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Devices that bypass the hair cells in the inner ear and directly stimulate the auditory nerve are called cochlear implants. Cochlear implants are used to treat deafness caused by the loss of hair cells in the cochlea. The hair cells are the sensory cells that convert sound vibrations into electric neural signals (Purves et al., 2001). With state-of-the-art ...


8

Nice question. I must say it took me many hours to get satisfactory answer. Hairs are made of keratin molecules, which contain cysteine. Cysteine has thiol (-SH) group, by which it can form disulfide (-S-S-) bond with another cysteine of another keratin, causing bending of hair. See this image from here: Curling of hair can be justified on both microscopic ...


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As @AliceD mentioned, cochlear implant is one of the earliest achievements of neural engineering. However, there are orders of magnitude more inner hair cells (IHC) and even more auditory nerve fibers (AN) in human cochlear than the current cochlear implants offer electrodes. If you are interested in a more detailed model of IHC to AN signal transmission, ...


6

Interesting question! You ask 3 questions if I am correct: What is tDCS; What are the adverse effects of tDCS (at 0.1 - 2 mA); What are the health benefits (enhanced focus); I will answer your questions one by one: (1) What is tDCS: tDCS devices are TransCranial Direct Current Stimulation (tDCS) devices. They send direct current through (trans) the ...


5

No, there is no safe place. Devices in contact with blood are subject to thrombosis and embolism. Even devices designed for bio/hemocompatibility are not 100% safe: they are used because the illnesses and diseases they treat are more dangerous than the side effects. Immune responses and platelet activation that occur in the vicinity of a device could also ...


5

It gets diffused out, like you expected. Grist (2013) writes about this in relation to "the bends," which has already been mentioned by user1136. He writes: Cavitation of blood containing normal oxygen and nitrogen levels by mechanical heart valves after implantation generates bubbles that can be detected in the brain using transcranial Doppler ...


5

In a PNAS paper by Palti's group (2007) they explain the hypothesis behind the technique: They reason alternating currents of 100 kHz to 1 MHz specifically affects dividing cells and thereby targets cancer cells. Note that this is the same basic idea as chemotherapy and radiotherapy, which also target dividing cells mostly. The mechanism of action of ...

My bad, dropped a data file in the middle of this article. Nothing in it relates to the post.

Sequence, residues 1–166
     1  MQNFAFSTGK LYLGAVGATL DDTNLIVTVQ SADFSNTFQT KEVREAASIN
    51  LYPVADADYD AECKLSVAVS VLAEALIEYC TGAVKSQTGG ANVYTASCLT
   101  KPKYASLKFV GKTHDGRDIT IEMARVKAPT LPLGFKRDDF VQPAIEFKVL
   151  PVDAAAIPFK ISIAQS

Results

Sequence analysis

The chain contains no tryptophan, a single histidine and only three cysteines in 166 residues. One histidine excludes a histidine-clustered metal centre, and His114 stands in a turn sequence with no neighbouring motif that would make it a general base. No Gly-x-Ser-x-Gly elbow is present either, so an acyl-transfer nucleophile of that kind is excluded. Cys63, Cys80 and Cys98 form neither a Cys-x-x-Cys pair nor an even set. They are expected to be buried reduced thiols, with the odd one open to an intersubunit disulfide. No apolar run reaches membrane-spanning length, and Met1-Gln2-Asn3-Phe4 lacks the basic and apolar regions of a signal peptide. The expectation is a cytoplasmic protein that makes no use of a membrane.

4

The problem of off-targets in CRISPR/Cas is often discussed. It was shown that the system allows mismatches up to five basepairs. For your question, if it is helpful to elongate the gRNA: it was shown that truncating the RNA enhances the specificity more than elongating (see also here). So what can we do? Well, there are different methods to improve the ...


2

The question you are asking is an ethical problem rather than a biological one. This particular nature article highlights the problem I am speaking about. In brief, children afflicted with SCID were subjected to what at the time was termed as a pioneering retroviral treatment. The idea being you replace the defective gene with the real one, in case of the ...


1

Biologically, the notion of a "perfect predator" isn't well-defined, because it isn't clear what is being perfected. Predators are just organisms that eat other organisms. What would it mean to be "perfect" at being a predator? Would it mean: Fastest possible at chasing its prey? But it just needs to be faster than the prey, if it even ...


1

I think biomedical applications are not an absurd perspective. More specifically, regarding your concerns: (1) Unless the DNA is first internalized by cells, and then somehow enters the nucleus (both are not very likely, especially considering the small concentrations we're talking about here after dilution in a human body), you would still need the DNA ...


1

I believe the best place for this sort of implant would be the femoral vein in the upper leg. It's one of the larger blood vessels, and on the return trip so you don't have to be as concerned about oxygen removal from the blood on whatever apparatus you have. You're far away from all non-peripheral organs as well. I would also question whether such an ...


1

PDMS in fact is established to be a reliable material for cell culture in many microfluidic devices. Here are several papers (Titles) including reviews on microfluidic devices using PDMS: Microfluidic devices for cell cultivation and proliferation Here Adhesion patterns in the microvasculature are dependent on bifurcation angle Here (Microvascular Research)...


1

The number of antibiotics that remain undiscovered is huge, but is estimated to be tens of thousands of compounds. The number of bacteria that remain undiscovered is also huge, but is estimated to be perhaps millions of species. Resistance to antibiotics is developed by bacteria in response to other bacteria and human antibiotic use, but in theory all ...


1

I believe you're referring to this 2013 announcement from King's College, Biological tooth replacement -- a step closer. So called "BioTeeth" are sought after because Current implant-based methods of whole tooth replacement fail to reproduce a natural root structure and as a consequence of the friction from eating and other jaw movement, loss of jaw bone ...


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